to GM ad.
-See it below-
It’s been two days since we first shared the “Stop pedaling… Start driving.” General Motors ad and the story — and the ad itself — is still getting a lot of attention. GM themselves has responded by saying they’ll pull the ad out of rotation, several people (and one bike company) have offered their own versions of the ad, the national and local media has taken an interest, and the story has spurred an interesting discussion about the state — and the style — of bike advocacy in America.
Not long after word of the ad spread, GM began apologizing profusely about it via their Twitter stream. They said the “didn’t mean to offend,” that it was created with the help of students, and that they were open to the feedback and working on changes. Then the Los Angeles reported that GM decided to pull the ad saying that, “We respect bikers and many of us here are cyclists.”
It remains to be seen if we’ll hear anything more from GM about this; but it’s worth noting that this isn’t new territory for them. Not only is GM widely alleged to have purposely destroyed public transit in America, but, as Carlton Reid, editor of UK trade magazine BikeBiz pointed out to me yesterday, one of their subsidiaries (Chevrolet) ran an ad in 2005 that referred to transit riders as “creeps and weirdos.” In addition, GM has yet to comment about how they negatively portray a woman walking on a sidewalk in the same “Stop pedaling” ad campaign.
GM’s ad has also spurred a broad and negative response from many people. Their Facebook wall has been bombarded with criticism.
One BikePortland reader even sent an email to U.S. Congressman Earl Blumenauer that read in part:
“GM needs more than some inconsequential public outcry in response to their anti-people campaign; they need a sound thrashing by the federal government, and one that will teach them well not to bite the hand that fed them.”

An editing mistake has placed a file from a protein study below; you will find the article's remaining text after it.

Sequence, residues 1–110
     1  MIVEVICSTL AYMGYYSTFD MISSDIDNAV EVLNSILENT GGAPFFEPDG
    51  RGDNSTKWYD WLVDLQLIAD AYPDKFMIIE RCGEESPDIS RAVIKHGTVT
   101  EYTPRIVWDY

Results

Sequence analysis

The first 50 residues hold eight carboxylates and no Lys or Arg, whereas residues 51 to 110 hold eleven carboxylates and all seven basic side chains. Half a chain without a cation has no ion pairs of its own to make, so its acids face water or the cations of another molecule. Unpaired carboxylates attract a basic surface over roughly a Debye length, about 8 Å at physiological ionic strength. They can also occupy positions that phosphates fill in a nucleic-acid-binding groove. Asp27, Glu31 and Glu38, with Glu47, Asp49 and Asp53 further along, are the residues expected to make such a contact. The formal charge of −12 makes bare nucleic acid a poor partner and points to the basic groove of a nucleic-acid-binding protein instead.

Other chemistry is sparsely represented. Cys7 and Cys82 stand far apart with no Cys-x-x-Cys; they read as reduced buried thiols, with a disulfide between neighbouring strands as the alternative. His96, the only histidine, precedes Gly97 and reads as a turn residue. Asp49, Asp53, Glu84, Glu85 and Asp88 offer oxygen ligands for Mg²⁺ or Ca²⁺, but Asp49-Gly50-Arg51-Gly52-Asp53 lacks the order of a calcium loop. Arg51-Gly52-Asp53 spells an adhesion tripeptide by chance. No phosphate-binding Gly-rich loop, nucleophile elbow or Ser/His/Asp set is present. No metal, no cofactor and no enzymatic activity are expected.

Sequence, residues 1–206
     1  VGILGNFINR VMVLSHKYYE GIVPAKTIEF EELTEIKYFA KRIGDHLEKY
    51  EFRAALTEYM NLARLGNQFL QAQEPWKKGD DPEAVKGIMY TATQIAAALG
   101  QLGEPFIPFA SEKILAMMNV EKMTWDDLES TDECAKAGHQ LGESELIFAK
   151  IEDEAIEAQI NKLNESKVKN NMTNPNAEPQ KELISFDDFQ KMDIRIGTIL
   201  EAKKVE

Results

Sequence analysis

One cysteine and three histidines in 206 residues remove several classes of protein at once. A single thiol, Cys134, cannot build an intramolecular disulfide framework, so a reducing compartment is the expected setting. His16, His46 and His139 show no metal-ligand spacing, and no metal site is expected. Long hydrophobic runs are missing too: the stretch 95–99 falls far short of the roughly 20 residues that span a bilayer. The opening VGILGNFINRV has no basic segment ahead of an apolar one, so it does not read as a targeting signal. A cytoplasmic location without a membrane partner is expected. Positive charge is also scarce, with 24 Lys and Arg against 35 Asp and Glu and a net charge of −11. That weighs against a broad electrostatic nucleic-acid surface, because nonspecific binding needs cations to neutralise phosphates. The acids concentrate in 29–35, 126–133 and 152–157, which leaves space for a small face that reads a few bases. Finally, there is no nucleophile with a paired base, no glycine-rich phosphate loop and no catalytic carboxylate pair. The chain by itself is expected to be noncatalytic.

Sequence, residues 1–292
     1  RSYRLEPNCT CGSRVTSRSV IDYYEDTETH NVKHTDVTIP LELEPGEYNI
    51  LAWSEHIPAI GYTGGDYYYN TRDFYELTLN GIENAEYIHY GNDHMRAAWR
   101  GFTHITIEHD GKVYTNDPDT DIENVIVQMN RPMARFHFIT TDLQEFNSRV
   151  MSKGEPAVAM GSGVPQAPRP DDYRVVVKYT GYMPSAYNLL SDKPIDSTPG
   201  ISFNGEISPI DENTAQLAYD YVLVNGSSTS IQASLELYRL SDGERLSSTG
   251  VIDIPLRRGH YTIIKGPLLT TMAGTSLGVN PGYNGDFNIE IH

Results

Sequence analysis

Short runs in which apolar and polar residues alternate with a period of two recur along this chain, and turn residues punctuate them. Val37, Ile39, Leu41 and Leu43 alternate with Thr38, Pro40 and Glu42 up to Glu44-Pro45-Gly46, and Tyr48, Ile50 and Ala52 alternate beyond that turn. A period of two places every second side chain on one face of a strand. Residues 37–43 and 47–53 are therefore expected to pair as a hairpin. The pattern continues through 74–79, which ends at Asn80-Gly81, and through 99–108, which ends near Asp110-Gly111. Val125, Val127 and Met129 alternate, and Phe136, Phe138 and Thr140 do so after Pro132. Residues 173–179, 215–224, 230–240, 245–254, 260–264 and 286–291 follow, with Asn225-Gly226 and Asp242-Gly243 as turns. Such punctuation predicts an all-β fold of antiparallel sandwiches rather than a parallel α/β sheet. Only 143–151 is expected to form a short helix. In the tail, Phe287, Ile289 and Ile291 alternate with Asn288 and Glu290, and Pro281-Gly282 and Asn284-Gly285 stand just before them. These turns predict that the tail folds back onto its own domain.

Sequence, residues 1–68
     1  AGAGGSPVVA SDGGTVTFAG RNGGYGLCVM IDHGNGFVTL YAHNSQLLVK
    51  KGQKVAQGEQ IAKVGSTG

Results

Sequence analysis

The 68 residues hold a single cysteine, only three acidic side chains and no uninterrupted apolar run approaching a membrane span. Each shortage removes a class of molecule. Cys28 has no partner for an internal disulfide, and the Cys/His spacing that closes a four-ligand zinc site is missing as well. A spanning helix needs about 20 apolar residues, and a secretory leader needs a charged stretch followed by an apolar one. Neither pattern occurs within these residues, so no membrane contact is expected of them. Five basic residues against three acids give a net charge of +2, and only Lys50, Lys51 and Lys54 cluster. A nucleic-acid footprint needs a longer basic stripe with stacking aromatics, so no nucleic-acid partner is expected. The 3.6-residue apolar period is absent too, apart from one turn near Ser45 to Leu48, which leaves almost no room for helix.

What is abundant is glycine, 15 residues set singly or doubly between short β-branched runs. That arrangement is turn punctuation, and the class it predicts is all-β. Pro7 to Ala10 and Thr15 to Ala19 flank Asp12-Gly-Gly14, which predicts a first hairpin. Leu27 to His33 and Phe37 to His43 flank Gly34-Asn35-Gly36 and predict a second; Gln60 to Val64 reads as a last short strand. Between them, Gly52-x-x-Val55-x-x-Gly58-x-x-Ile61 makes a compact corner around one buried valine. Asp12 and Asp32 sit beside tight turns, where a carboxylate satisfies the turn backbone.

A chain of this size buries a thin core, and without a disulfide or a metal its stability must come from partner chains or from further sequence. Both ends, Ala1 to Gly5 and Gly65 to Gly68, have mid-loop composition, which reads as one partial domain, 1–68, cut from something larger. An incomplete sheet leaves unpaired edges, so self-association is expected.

And here’s one by Kieran O’Neill from the AMS Bike Co-op in Vancouver, BC…
And from Russ Roca of Path Less Pedaled fame…
Not surprisingly, media outlets have jumped on the story. The L.A. Times blog post linked to above was edited and appears in today’s print version. The Washington Post has a story planned, ABC News picked it up, and I’m talking with local ABC affiliate KATU about the ad later today.
For DL Byron, a bike culture connoisseur and the man behind the BikeHugger blog and social media empire, the reaction to the ad by bike advocates and other bike-interested folks is off base. “There goes bike culture again,” he tweeted, “playing the victim, instead of spinning the @gm ad to their favor.” In a discussion he’s started on Google Plus, Byron wrote:
“Bicycle advocates just handed GM a win. I’d have ignored it. They look great, we look like dicks. The lead-in to the PI story was, “don’t make cyclist mad.” Cause, ya know, they’re angry zealots. My issue is short-sighted reactionary tactics don’t help us. They reinforce why people don’t like us.”
Byron is right that bicycling has a big PR problem in America. But I don’t think it’s wise to site idly by while one of America’s largest corporations irresponsibly and unnecessarily takes a blatant potshot at bicycling just to sell cars — especially when that company has such a horrible legacy around non-car transportation.
As for whether GM won or lost the PR battle. I could argue either way. They definitely got a lot of attention and given their marketing sophistication, I wouldn’t be shocked if they planned the whole thing. However, times are changing and more Americans than ever realize that this isn’t just about bikes vs. cars: This is about being a responsible member of our society. As the current Occupy Wall Street movement is showing, many people are no longer willing to let corporate America get away with such shenanigans.
In that email to Congressman Blumenauer, a man wrote,
“I want you to know that my voice is among the 99%, and I want you to tell Congress and the President for me — and for all of us — that the USA won’t tolerate General Motors’ treachery against the people of the USA as manifested with impunity by their ad in The Stanford Daily.”
UPDATE: GM has just posted an official statement/apology on their website. Also, I got a call from GM spokesman Tom Henderson. I’ll share his thoughts in a separate post.